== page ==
Recently, my friend Cathleen wrote a piece for Darling Magazine on proper attire and etiquette at the gym. It was well-written and provided great advice—yet a few people totally freaked out. This isn’t the first time I’ve seen people react negatively to talk about modesty. When I wrote about the research study about men viewing women in bikinis as objects, I even got some backlash that suggested that I was participating in a negative modesty conversation that placed women as the victims who were “asking for it”—when that’s really not at all what’s going on.
First, let me be clear—no matter what a woman wears anywhere, her attire is never something that gives anyone a reason to abuse her in any way shape or form. I want to be clear that I do not think that women are to blame when men commit acts of violence against them. That is not what we’re talking about. I do, however, think that it’s very important to talk about modesty so I’m going to go ahead and do that.
Modesty has become a really negative word that offends people, but I’ve come to view it as nothing short of empowering. In her speech, The Evolution of the Swimsuit, Jessica Rey shares something that put words to my thoughts about the topic…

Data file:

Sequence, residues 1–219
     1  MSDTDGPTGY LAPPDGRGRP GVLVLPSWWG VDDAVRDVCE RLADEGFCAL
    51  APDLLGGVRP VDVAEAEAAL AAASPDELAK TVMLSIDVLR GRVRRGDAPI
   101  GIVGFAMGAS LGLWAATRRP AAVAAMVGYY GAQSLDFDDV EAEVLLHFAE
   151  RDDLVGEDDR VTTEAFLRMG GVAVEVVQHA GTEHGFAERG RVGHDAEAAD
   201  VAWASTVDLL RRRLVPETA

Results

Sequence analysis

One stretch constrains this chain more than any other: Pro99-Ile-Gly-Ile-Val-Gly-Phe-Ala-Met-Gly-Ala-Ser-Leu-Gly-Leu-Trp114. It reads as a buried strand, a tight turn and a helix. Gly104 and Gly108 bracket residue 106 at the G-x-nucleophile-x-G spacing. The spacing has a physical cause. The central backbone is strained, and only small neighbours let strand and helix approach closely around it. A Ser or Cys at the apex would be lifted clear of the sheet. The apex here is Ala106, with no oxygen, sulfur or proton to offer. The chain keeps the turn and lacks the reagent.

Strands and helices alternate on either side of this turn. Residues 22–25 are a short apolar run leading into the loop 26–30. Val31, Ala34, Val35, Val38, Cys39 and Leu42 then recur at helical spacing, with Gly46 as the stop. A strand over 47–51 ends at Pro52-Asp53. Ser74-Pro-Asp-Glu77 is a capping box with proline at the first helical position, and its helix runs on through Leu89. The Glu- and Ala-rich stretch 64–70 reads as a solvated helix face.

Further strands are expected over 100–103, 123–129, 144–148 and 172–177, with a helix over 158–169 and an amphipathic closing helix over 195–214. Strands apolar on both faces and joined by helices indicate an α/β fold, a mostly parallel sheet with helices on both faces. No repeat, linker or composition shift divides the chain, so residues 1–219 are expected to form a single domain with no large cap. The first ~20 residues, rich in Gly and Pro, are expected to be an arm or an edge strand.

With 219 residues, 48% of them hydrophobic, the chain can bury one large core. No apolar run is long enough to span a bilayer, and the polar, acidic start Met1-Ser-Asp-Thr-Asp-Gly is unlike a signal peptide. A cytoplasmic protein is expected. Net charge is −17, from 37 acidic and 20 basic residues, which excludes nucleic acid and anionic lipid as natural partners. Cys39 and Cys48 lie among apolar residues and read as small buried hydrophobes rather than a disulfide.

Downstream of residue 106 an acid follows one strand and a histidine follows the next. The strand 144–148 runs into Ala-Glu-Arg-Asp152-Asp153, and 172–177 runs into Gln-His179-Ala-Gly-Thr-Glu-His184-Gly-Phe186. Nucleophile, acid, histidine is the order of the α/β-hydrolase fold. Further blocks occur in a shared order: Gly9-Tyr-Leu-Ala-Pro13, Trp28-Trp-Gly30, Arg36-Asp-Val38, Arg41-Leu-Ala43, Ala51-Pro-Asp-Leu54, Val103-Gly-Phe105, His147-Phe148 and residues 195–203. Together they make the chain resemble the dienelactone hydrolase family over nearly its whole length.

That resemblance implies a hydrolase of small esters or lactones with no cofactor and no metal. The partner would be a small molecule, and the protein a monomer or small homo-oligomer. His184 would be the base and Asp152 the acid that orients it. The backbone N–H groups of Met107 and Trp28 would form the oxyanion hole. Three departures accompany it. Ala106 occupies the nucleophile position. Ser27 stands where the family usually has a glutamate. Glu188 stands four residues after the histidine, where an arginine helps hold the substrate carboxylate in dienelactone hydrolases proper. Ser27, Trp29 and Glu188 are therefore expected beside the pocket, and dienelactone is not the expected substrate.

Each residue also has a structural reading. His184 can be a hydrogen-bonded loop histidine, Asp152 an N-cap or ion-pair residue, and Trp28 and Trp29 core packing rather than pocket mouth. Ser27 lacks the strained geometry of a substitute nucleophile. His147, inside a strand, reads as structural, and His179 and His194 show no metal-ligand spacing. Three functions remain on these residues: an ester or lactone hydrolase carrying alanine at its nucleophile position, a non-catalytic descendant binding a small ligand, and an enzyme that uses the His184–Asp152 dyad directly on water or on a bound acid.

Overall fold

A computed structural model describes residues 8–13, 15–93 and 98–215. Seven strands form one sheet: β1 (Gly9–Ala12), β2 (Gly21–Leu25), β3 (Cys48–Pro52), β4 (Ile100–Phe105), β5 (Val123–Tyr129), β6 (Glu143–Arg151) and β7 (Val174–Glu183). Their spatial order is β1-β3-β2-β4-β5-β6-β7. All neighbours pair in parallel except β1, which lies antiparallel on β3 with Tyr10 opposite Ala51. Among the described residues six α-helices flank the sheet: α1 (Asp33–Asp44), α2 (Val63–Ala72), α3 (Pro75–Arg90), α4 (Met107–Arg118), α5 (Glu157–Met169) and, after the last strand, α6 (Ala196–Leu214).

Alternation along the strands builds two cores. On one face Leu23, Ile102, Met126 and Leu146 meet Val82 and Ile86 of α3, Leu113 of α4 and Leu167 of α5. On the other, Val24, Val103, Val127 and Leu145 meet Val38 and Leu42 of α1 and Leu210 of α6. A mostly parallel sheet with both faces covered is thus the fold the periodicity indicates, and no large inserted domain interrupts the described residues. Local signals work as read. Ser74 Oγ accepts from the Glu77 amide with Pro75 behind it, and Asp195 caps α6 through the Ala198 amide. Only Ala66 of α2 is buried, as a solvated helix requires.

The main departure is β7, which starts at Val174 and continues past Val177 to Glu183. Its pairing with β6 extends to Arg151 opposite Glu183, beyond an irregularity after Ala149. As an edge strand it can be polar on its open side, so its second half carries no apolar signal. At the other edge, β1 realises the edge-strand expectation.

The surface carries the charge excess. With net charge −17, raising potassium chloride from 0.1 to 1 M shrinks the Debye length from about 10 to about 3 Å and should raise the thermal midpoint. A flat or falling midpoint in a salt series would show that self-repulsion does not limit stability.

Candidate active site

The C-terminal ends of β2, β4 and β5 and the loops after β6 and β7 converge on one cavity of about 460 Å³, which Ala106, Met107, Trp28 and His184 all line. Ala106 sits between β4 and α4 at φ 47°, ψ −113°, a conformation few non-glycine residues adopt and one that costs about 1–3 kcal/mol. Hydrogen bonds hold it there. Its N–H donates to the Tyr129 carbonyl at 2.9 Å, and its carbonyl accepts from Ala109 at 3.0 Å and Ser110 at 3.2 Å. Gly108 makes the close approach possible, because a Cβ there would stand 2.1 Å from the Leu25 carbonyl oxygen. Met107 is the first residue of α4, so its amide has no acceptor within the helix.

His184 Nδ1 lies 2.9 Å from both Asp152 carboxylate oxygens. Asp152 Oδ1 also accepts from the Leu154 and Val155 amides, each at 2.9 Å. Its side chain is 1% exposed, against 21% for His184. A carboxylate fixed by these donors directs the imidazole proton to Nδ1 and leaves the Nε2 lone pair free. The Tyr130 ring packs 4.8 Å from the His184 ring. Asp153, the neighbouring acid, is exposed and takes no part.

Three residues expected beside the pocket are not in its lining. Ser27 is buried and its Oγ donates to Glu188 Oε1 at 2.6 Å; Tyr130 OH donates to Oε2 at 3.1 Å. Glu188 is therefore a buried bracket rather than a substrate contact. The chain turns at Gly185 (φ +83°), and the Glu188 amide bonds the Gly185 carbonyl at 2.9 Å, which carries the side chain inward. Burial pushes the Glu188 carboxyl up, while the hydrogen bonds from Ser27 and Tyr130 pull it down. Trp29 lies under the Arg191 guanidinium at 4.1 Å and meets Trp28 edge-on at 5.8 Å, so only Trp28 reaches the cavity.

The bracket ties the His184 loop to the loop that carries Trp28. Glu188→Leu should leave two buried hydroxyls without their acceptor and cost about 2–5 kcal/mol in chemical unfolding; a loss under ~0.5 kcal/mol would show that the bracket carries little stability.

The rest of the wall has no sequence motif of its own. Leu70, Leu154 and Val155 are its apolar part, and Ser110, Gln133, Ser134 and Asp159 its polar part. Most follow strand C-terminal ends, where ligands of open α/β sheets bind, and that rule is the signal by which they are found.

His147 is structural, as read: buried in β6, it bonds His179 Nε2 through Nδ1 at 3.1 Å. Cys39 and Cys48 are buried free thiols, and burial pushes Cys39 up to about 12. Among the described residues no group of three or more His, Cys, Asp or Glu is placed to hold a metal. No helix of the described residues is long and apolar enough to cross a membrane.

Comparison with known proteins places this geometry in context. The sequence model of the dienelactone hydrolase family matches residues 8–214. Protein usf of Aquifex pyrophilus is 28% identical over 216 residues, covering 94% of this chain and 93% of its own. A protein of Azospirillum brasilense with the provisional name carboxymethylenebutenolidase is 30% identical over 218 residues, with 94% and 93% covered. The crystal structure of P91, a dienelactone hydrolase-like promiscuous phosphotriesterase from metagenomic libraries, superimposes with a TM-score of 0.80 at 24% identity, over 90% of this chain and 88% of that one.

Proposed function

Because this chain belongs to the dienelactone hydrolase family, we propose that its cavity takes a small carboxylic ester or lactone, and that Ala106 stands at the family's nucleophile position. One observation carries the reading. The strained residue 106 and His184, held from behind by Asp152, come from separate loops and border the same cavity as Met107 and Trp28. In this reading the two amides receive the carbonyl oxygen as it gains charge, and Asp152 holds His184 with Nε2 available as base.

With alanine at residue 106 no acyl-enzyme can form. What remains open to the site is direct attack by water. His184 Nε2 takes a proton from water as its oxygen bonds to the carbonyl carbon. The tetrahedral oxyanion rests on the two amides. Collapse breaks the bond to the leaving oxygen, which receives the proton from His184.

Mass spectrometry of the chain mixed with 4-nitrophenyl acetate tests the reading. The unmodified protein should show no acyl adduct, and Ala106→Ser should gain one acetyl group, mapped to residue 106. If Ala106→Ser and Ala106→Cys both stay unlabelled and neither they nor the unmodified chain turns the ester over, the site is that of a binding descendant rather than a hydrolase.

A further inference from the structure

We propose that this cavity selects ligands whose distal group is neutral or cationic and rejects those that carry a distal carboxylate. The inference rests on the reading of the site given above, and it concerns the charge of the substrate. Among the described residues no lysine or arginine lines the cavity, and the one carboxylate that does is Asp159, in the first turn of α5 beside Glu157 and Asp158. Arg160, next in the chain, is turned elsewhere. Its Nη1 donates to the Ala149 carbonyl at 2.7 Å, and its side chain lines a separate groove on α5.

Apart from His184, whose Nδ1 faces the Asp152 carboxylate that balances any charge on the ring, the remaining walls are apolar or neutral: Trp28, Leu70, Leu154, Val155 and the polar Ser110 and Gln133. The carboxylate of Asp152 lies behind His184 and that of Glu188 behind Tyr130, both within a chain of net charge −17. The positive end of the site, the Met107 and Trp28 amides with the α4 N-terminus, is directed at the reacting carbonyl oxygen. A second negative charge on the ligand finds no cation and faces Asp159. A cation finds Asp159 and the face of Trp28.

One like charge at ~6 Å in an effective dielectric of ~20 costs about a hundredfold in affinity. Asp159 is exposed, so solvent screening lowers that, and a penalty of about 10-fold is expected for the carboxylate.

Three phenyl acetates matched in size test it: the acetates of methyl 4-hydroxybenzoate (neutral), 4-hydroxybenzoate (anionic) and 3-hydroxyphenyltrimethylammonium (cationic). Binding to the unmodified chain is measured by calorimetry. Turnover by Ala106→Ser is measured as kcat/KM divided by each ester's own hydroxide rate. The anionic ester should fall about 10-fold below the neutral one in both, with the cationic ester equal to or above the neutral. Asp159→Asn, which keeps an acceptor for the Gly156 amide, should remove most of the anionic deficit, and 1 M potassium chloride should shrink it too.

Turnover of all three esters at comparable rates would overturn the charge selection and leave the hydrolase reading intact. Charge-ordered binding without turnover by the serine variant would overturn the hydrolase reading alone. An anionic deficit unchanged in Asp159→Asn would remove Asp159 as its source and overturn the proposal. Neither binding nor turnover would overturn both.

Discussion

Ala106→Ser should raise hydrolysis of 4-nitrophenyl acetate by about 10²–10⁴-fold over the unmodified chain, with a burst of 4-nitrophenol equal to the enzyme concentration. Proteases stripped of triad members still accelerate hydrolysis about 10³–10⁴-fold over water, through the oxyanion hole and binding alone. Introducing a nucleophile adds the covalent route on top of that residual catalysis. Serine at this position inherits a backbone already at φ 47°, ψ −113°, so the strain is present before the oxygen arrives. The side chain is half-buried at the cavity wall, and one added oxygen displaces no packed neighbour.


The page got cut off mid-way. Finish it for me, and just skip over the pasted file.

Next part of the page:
Revealing our dignity. I love that. Modesty reframes things. Rather than being bodies that have personalities, modesty turns the tables and makes us people who happen to have bodies. We shouldn’t be ashamed of the body have, no matter what size or shape it is. But our lack of shame doesn’t mean we should reveal our bodies to everyone on the street. There is beauty in modesty, sexiness in modesty, empowerment and dignity in the intentional choice to not flaunt it.
It’s worth noting that modesty is more so an attitude than a set of strict rules, and that dressing modestly is relative. A woman can wear a bikini at the beach here in San Diego with a scarf around her hips as a cover up, and there really isn’t anything immodest about that. But take that very same amount of clothing to the grocery store, the gym, or the workplace, and that’s a very different story. Of course, everyone has the freedom to dress as they please, and that’s a beautiful luxury. But just because we have the freedom to expose our bodies doesn’t mean we always should.
We live in a culture where anything goes. And while I suppose that can be a good thing at time (certainly when it comes to acceptance and respect of others), it’s often detrimental. I think modesty is one of those areas that has totally been abandoned, but really needs to make a comeback. I’m not talking about dressing like the Amish (though of course, there’s nothing wrong with that!)—but I am talking about being mindful with how we dress so we can truly be empowered as women. There is nothing more sexy than a woman who respects herself and dresses accordingly.
What’s your view on modesty?
Image credit: Liu Wen for Zara